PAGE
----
China’s Pork Industry: Looking Forward

China’s status as a major pork importer will likely continue to grow, forecast Fred Gale, Daniel Marti and Dinghuan Hu in the final part of their report entitled ‘China’s Volatile Pork Industry’ from the USDA Economic Research Service.
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China’s tradition of self-sufficiency in pork will be hard to maintain as feed costs rise and as land for expanding farms and processing facilities becomes scarce and expensive. The environmental and food safety impacts of producing large numbers of hogs in China will become more apparent. Interregional shipments of pork within China are limited by lack of reliable transportation and temperature-controlled storage.

Stricter regulatory enforcement in the United States, greater investments in animal housing and manure handling, wider dissemination of technical expertise, and closer coordination between producers and processing companies help US farmers produce pork with less of an impact on the environment, fewer food safety incidents, and fewer disease outbreaks than in China. Demand from China raises the value of variety meats and offal that are not widely used as food in the US market.

Chinese restaurant chains, hotels, and other buyers who demand pork with high and consistent quality are important potential customers for imported pork (Fabiosa et al., 2005). With diversifying consumer tastes and growing segmentation in the market, imported pork can coexist in the Chinese market with domestic grain-fed pork and meat from local pig breeds.21

Strong resistance to pork imports in China can disrupt trade and affect exporters. China lowered tariffs on pork after its accession to the World Trade Organization, but pork imports still face resistance similar to that described by Hayes and Clemens (1997). Evidence of this can be seen among the policy responses listed in the Chinese ‘hog price alert’ programme, which include unspecified ‘limits’ on imported pork to reduce the market supply and ‘encouragement’ of pork exports. When Chinese pork prices were soaring in 2007, officials made announcements to assure the public that China would not import large amounts of pork (Xinhua, 2007).22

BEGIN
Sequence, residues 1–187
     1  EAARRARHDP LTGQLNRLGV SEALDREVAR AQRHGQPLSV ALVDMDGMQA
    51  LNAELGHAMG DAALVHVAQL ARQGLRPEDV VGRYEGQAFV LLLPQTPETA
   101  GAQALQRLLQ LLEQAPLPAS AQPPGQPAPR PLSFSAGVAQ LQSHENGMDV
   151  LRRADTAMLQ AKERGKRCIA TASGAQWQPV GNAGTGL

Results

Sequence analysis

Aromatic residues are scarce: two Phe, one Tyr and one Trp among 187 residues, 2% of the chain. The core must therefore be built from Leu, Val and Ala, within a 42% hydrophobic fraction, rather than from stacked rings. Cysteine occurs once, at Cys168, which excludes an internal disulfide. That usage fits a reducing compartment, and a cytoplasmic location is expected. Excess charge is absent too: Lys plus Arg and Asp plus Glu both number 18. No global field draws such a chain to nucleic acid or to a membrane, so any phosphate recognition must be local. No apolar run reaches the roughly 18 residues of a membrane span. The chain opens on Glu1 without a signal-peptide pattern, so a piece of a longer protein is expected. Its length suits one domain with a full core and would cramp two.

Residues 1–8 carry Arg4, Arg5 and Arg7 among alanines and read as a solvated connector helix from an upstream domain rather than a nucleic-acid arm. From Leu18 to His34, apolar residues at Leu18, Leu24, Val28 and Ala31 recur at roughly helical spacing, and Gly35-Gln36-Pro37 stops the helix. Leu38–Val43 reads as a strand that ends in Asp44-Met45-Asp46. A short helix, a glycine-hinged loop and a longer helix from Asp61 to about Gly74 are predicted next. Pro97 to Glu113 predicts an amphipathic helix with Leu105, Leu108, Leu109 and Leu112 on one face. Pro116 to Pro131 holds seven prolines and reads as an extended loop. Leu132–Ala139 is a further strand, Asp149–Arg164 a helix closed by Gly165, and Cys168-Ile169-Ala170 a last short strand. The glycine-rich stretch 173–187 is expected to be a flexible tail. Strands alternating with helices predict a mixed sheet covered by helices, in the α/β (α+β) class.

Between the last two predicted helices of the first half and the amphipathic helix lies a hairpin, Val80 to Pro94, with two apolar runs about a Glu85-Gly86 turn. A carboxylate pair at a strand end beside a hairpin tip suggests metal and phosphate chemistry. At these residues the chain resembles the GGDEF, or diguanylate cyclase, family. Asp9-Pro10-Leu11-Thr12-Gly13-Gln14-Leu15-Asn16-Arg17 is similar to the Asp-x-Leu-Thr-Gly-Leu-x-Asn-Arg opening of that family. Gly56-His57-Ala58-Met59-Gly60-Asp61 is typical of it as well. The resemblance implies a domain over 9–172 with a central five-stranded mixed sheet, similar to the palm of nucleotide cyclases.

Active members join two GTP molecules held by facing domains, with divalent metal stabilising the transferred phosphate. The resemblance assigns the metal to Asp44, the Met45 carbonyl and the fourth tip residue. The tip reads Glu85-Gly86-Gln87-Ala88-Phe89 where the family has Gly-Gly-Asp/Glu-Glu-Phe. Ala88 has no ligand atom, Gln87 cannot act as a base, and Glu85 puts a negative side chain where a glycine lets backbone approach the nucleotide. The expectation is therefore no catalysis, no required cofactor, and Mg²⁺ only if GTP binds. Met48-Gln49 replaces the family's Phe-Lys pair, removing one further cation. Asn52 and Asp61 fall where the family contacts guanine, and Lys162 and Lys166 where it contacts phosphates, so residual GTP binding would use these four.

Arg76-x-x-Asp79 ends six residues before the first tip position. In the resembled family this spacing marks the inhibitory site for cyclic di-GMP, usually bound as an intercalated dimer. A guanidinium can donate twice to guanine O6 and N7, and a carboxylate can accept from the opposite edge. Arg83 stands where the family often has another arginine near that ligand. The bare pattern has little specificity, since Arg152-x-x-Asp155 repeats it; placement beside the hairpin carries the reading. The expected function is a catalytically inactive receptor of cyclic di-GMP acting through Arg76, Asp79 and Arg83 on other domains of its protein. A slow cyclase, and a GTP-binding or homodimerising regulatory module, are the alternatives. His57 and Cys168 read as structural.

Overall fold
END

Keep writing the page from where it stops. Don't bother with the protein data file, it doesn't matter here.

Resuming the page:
In June 2010 (after China lifted its H1N1-related ban on US pork), an article entitled Be on Guard! American Pork’s ’Soybean Appetite’ warned that imports could eat up China’s pork industry if the industry was not protected (Li, 2009). An analyst quoted in the article cautioned readers to ‘Be careful of the trap set by the Americans’” warning that if US pork imports are not limited, the pork industry ‘is likely to repeat the mistakes of the soybean industry with disastrous consequences’.23

Similarly, Liu (2010) reported that Chinese officials were wary of foreign investment in the pork industry because officials feared losing “guidance power” over the industry.


21Many supermarkets and specialty retail shops in China offer pork from local pig breeds. The appeal of this pork, generally sold at premium prices, is its stronger flavour and purported health benefits.

22Articles from official media included assurances that imported pork was purchased mainly by hotels, that imports would not affect the market, and that China has free trade in pork but also a strict inspection and quarantine system.

23This refers to China’s high reliance on soybean imports.

References for Full Report

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Further Reading

- You can view the full report by clicking here.

April 2012
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